For the would be astronaut get joining a scout group and later cadet force. But she probably knows that!
When one of my DTs was 10 he wanted to go to a boarding school, study physics at Oxford and then work for the European Space Agency. He had it all planned out.
He's 12 now, at a state secondary and has no idea what he wants to do other than something science based.
They change their minds all the time.
My 17 yo was going to be an archaeologist or geologist for years. Now he's certain he doesn't want to go to uni, so will be looking for a job next year.
My other 3 don't have a clue what they want to do.
I 'knew' at age 10 that I wanted to be a special needs teacher until I worked in a school as a ta for 2 years. All I would advise is that you encourage any child to take a breadth of options when they can choose their subjects, so that they aren't limiting their options too much
My dd has known since she was 3 what she wants to do, she is 12 years old now and already specialising in what she wants to do.
There has been a lot of work, some aspects have had to wait a few years for growth, maturity etc but she is on her way.
She is known to professionals and professors in the industry and has several high profile names supporting her career. She is considered a Prodigy and is exceptionally gifted.
Our other 2 had no idea what they wanted to do and as grown ups now, have steady normal jobs. Neither are particularly gifted, but as a mum obviously I can see their individual talents, strengths and love them just as much as the gifted one.
Sorry, I missed your questions.
To support this we allow her to attend a specialist school and board. We don't have much money but she receives bursaries and soon, hopefully, a sponsorship deal.
There is absolutely no chance of her changing her mind, she is driven, determined and very motivated.
Please don't think I'm boasting though as our other 2 were/ are quite normal and had a normal childhood. dd has been anything but normal.
All had same encouragement, support and upbringing.
My ds has wanted to be a volcanologist since he was about 5. He's now 11. One of his friends wants to study rugby at university
I have 2 DDs, DD1 has know since she is 7 what she wants to be and she has been working toward getting her goal. She is 15 now and she knows what university she wants to go to study for her chosen career. I have been very supportive of her vision, taking her to workshops which allow her to learn more and get more experiences. At the moment, is all I can do. Her chosen career is very creative which worries me, as it will depend on if people like it or not that she is successful, so I try to teach her to be strong and accept people criticism and other points of view, which for a 15 year old sometimes that is an impossible task.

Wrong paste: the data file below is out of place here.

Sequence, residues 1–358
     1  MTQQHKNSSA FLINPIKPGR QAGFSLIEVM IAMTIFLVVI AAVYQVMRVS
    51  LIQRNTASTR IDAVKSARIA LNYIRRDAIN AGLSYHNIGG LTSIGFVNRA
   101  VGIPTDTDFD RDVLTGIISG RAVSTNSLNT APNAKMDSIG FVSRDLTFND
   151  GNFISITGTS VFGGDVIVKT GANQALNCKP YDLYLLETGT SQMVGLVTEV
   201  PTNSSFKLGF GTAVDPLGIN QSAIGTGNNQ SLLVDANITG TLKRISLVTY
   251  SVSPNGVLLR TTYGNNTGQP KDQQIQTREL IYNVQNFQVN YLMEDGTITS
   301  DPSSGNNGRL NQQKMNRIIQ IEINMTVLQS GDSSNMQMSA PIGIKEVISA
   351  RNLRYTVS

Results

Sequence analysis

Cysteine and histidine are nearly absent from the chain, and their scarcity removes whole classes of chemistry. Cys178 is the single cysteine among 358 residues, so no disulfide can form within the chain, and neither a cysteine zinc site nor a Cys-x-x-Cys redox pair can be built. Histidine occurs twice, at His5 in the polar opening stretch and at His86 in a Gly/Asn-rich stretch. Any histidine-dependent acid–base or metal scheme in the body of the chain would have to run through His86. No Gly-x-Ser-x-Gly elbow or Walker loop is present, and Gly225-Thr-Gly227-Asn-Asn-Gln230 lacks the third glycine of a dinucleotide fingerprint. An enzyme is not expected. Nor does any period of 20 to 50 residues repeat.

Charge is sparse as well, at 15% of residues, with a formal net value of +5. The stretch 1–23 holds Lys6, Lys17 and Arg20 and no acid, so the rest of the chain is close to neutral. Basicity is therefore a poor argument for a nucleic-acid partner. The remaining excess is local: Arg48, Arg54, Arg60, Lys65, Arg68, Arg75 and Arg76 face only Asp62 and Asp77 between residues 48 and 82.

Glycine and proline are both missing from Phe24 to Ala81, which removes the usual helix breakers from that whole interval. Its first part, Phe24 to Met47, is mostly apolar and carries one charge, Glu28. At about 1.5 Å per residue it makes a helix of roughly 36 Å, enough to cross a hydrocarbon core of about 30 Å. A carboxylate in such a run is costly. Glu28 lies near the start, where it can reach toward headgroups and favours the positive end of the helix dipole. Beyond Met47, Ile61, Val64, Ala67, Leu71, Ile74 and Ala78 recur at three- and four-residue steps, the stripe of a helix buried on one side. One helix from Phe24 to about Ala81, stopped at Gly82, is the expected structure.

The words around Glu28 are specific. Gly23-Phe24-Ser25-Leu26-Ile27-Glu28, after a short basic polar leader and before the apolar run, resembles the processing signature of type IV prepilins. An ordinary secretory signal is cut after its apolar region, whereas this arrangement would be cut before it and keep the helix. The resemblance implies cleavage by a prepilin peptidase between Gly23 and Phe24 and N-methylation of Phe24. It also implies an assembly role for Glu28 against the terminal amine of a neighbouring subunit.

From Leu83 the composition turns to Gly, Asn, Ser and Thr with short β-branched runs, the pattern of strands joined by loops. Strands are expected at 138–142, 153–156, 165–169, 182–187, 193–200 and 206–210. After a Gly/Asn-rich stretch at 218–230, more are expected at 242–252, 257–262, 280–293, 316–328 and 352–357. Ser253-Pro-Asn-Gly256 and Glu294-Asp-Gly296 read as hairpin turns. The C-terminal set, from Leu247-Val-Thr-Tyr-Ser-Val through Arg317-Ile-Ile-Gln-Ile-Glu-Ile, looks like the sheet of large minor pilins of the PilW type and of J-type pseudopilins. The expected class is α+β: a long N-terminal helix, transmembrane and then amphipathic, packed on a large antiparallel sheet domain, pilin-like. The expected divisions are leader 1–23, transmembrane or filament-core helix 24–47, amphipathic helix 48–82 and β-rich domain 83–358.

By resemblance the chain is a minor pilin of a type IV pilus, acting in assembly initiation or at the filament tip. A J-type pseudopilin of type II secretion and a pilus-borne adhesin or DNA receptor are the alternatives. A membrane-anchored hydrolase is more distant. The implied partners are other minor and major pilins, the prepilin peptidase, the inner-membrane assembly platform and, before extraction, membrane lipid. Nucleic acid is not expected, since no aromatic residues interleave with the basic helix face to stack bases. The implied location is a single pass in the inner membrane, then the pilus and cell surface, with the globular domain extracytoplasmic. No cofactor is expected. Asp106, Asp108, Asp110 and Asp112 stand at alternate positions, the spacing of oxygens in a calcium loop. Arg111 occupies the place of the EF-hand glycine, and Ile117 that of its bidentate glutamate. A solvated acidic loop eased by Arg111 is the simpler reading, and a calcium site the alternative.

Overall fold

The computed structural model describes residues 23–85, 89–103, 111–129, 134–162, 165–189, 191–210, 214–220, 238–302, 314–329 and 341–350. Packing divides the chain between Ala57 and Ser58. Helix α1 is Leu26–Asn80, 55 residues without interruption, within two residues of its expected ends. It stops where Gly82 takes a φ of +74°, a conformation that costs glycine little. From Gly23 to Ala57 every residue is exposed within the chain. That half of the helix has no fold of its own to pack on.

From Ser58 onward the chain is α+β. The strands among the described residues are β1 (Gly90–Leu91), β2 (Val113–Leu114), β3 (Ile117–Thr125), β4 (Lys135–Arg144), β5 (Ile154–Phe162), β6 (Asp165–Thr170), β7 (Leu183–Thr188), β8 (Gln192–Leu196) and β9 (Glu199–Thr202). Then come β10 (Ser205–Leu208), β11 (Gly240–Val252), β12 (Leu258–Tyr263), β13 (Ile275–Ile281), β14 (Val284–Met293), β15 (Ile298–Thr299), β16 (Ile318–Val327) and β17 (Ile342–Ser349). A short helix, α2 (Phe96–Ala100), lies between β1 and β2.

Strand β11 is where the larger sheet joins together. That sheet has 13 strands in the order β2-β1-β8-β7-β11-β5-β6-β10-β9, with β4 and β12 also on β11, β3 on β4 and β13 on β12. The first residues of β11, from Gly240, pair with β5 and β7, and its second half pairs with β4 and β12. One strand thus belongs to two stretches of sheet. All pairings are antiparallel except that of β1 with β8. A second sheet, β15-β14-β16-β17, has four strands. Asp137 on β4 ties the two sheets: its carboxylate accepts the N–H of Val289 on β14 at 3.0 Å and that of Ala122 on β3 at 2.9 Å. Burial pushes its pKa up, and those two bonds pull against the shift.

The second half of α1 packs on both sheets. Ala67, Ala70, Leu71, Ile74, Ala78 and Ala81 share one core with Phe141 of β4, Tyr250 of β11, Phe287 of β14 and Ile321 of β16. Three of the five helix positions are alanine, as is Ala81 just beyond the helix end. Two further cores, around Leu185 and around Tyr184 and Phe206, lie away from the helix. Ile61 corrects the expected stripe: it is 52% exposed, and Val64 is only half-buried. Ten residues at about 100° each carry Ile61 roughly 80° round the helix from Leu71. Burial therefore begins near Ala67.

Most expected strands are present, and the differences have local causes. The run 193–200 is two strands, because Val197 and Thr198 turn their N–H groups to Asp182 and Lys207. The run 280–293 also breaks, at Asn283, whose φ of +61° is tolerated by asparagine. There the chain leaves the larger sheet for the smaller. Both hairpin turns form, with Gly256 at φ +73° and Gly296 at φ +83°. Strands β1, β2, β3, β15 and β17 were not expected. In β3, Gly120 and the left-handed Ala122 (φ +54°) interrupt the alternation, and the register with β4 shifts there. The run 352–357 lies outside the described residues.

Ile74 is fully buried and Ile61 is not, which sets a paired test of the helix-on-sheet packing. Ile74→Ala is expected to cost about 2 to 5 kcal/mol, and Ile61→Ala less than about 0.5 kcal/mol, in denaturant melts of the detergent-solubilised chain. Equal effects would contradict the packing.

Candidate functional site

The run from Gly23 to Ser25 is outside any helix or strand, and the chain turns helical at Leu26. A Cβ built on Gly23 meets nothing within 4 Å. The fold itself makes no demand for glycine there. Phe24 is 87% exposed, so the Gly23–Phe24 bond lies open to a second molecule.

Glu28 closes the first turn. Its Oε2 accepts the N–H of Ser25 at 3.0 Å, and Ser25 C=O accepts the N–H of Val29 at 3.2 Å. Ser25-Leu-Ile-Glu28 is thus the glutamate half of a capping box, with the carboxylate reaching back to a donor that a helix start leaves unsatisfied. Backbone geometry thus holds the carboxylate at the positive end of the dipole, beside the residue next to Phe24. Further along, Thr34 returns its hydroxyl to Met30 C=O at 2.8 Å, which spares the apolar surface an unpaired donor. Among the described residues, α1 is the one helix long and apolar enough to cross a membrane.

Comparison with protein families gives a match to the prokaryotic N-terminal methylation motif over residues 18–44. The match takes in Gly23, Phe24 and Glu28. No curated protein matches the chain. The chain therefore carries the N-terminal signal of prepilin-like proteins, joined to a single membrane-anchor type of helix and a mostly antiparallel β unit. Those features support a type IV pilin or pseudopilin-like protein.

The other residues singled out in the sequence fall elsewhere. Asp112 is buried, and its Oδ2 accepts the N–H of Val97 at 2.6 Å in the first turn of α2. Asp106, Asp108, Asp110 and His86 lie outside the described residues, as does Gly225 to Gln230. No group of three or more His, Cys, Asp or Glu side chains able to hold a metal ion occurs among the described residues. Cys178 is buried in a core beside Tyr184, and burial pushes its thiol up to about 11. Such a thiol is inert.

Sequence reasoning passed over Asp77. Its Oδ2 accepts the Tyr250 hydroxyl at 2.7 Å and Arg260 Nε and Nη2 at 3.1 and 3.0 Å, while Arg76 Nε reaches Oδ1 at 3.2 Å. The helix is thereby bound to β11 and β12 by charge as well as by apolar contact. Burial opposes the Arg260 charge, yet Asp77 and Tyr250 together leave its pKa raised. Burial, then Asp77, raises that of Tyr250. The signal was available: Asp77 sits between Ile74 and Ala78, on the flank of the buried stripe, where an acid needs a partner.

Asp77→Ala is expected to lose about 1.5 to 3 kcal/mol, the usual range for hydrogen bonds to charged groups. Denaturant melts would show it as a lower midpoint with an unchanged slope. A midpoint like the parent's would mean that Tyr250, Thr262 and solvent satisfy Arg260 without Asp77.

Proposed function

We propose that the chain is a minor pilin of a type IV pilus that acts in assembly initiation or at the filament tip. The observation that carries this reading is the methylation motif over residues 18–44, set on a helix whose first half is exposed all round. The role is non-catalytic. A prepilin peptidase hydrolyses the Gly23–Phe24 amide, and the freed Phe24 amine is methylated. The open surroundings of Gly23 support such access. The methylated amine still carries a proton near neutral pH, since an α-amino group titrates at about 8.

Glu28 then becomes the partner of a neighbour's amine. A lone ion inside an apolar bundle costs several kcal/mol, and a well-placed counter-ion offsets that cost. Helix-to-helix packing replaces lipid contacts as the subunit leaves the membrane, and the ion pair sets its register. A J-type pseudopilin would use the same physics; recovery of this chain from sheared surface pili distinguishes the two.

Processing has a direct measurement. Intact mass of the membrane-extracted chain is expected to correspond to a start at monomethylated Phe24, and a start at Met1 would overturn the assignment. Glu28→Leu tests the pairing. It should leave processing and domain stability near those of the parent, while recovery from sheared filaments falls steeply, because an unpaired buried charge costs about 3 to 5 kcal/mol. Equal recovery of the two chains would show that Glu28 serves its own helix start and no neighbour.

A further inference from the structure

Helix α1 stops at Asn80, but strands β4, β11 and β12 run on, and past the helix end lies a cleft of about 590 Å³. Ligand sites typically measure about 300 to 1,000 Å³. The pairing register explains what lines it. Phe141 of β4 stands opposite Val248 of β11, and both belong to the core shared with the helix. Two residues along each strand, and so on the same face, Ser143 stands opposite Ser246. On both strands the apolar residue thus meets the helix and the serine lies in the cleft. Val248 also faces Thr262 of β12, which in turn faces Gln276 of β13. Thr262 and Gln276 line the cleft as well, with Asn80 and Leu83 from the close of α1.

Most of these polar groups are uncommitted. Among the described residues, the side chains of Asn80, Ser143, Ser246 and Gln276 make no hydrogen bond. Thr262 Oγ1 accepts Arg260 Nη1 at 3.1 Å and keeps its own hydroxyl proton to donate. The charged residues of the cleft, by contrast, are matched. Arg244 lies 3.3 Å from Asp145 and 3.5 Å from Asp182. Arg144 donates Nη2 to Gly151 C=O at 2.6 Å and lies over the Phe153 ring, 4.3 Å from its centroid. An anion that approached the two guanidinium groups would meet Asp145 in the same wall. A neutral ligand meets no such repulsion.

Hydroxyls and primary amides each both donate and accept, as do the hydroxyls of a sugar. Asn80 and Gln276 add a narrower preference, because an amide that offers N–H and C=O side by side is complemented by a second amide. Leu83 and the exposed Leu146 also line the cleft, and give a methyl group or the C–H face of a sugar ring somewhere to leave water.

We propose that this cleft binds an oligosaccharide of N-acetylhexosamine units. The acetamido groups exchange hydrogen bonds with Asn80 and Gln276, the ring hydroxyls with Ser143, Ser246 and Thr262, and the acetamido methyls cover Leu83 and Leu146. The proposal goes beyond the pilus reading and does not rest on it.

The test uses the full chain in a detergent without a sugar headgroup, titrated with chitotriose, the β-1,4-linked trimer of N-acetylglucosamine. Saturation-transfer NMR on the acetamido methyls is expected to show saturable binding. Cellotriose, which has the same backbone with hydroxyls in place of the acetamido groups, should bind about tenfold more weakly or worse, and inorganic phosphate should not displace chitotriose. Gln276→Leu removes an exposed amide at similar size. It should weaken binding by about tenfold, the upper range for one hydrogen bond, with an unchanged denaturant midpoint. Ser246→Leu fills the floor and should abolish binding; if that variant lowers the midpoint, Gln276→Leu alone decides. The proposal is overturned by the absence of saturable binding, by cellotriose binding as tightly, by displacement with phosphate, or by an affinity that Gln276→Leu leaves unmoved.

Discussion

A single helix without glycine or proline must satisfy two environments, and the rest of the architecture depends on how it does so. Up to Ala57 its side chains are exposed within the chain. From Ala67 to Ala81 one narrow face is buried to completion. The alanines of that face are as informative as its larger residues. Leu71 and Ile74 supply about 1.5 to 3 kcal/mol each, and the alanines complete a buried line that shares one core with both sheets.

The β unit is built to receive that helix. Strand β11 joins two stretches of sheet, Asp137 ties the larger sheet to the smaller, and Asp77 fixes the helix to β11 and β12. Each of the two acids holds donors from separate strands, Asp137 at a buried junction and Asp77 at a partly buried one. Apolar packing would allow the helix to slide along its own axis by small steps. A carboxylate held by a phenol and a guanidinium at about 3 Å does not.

Youngest DD is 11 and is worried that she doesn't know yet as her older sister has known for years. I keep telling her not to worry, that her sister is not the norm, and a lot of people don't know what they want to be age 11.
I totally agree with you it isn't the norm and others shouldn't worry if they don't know.
Our eldest is almost 25 and has only just decided the career path he wants to take after having numerous low skilled jobs since leaving uni.
His path is completely unrelated to his degree. Ds2 works in a call centre and atm it suits him fine, he is 21.
We were lucky that we found the school that fits dd needs, as close as can be and all the other children are exactly the same as hr and reaching for the same dreams and ambitions.
I find people presume that dd has been pushed, that we are tiger parents.
Usually until I tell them about her older siblings.
At my son's first parents' evening at secondary school, I asked his music teacher which degree he'd taken. Music was the only thing my son really loved in school. He told us all about it and seven years later my son was on the same course. He'd only applied for one on UCAS (drove his teachers mad.) He's like that, though - he gets obsessive and luckily, so far, it's paid off.
My 11y old hasnt got a clue either - he does, however, know what he wants to do in his gap year and has it all mapped out already
You really don't need to be worrying about this now.
My eldest who is 13 is definitely headed for a science/maths/computing type career but has no idea what sort of degree he wants to do. In the next couple of years he'll start refining his choices of subjects at school and thinking more in depth about what he'd like to do.
My daughter is 10 and has a vague idea that she'd like to be a Primary school teacher but we are definitely NOT putting on the pressure about UCAS at this stage.
My 10 yr old DD wants to be a waitress ...and has done since she was 6 😁